Some products are so ubiquitous that it can feel as if they were never invented at all.
Take sliced bread. Around 130 years ago, the idea of buying a pre-sliced loaf would have been met with confusion, writes Jesse Rhodes for Smithsonian Magazine. “In 1890, about 90 percent of bread was baked at home, but by 1930, factories usurped the home baker,” Rhodes writes. But the two breads weren’t the same thing–”factory breads were also incredibly soft,” she writes, making them difficult to slice properly at home with a bread knife.
Since breadmaking had moved to factories, why not bread slicing as well? On this day in 1928, in Chillicothe, Missouri, the Chillicothe Baking Company became, in the words of its plaque, “The Home of Sliced Bread.” It was the place where the bread-slicing machine was first installed, wrote J. J. Thompson for Tulsa World in 1989. Thompson was speaking with the son of the bread-slicing machine’s inventor, Richard O. Rohwedder. His father, Otto F. Rohwedder, was a jeweler who started work on the bread-slicing project years before.
The Rohwedder family all went down to the factory to see the bread-slicing machine on its first day, Richard Rohwedder said. They brought the slicer to the factory, “and I fed the first loaf of bread into the slicer,” he recalled.
The patent for the bread slicing machine explains how it worked: the machine moved the bread into the slicer and then a series of “endless cutting bands” sliced the loaf before moving it along to where it could easily be packaged by a specially designed bread wrapping machine–another patent of Rohwedder’s.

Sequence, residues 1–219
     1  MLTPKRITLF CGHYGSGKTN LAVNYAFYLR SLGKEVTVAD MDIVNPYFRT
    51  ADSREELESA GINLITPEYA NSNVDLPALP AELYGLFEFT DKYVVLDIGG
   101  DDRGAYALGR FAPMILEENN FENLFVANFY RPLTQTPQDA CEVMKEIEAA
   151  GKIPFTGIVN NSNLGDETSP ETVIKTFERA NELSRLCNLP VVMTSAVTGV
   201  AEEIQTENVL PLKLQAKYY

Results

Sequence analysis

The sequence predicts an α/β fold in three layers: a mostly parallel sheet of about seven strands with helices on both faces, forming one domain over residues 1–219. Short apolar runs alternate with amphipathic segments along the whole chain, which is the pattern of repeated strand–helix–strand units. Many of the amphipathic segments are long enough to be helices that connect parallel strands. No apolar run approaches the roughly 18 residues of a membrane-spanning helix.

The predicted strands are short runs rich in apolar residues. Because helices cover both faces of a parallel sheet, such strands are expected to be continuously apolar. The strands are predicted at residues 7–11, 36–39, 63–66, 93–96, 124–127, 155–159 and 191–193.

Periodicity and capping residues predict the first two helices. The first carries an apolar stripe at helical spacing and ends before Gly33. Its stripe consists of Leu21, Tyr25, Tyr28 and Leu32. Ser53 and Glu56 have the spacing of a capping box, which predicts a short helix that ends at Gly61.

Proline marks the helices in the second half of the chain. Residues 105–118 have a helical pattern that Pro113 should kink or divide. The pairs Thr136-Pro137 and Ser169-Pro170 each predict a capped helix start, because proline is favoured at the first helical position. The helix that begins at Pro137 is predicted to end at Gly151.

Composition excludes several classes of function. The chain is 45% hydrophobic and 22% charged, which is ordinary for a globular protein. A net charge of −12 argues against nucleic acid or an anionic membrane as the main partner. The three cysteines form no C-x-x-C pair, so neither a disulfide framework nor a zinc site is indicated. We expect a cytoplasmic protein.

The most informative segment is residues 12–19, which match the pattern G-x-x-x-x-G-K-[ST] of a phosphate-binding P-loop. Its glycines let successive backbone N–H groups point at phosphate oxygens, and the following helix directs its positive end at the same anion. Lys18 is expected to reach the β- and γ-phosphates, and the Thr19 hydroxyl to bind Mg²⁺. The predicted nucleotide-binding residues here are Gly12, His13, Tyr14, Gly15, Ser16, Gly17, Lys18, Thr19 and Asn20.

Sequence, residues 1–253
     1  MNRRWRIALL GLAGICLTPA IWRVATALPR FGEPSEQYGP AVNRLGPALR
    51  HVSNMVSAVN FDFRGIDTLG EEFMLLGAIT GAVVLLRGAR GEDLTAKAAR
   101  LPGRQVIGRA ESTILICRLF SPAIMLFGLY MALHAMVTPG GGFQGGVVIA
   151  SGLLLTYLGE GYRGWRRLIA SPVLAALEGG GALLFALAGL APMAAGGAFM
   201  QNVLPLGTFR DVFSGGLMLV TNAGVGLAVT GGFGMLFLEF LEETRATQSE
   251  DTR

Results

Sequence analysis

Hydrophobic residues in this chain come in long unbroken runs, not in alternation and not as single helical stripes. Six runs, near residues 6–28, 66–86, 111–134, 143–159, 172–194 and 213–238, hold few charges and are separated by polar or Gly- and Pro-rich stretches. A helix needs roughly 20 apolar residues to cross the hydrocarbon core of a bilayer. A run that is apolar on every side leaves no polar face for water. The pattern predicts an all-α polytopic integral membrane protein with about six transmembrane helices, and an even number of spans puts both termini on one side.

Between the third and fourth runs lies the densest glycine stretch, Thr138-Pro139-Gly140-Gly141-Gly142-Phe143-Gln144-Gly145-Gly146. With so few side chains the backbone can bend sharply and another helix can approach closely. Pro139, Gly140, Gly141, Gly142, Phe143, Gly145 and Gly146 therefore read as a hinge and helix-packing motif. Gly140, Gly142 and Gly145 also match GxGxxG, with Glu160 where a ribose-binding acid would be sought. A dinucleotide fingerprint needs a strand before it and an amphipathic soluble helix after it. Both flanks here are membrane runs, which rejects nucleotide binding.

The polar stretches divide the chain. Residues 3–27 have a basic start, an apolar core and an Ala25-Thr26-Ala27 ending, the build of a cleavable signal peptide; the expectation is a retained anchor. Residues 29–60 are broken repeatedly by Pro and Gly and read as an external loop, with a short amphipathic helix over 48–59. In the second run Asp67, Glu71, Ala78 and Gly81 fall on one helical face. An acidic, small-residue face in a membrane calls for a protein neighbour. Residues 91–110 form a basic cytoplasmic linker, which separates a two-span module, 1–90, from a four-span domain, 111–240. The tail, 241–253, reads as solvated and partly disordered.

The bread-wrapping machine was just one of a number of patents for which Rohwedder was responsible: these included a cardboard bread holder that shrank as the loaf did; a retail display rack for bread; and structural improvements like an improved conveyor belt for getting bread in and out of the slicer.
Rohwedder’s original invention of the slicing machine dated back to 1917, writes author Aaron Bobrow-Strain, but he had worked to refine and re-refine the idea in the intervening time. “Many bakers actively opposed factory slicing,” he writes, and the inventor was almost ready to throw in the towel.
The owner of the Chillicothe Baking Company, the man who first took a chance on the machine, was named Frank Bench, a friend of Rohwedder’s. Bench’s bakery was near bankruptcy, so he took a chance on the idea even though most bakers thought pre-slicing would make the bread stale.
“The results astounded all observers,” Bobrow-Strain writes. Bench’s bread sales soon skyrocketed by 2000 percent, and mechanical slicing quickly spread around the country. “By 1929, an industry report suggested that there was practically no town of more than twenty-five thousand people without a supply of sliced bread,” he writes.
“I remember the phone ringing day and night, all the time, with bakers ordering slices,” Richard Rohwedder said.
Rohwedder’s seemingly booming business was affected by the Great Depression, and he was forced to sell his patent rights to a larger company, who kept him on as staff. But still—he had the satisfaction of knowing he was the man to invent sliced bread.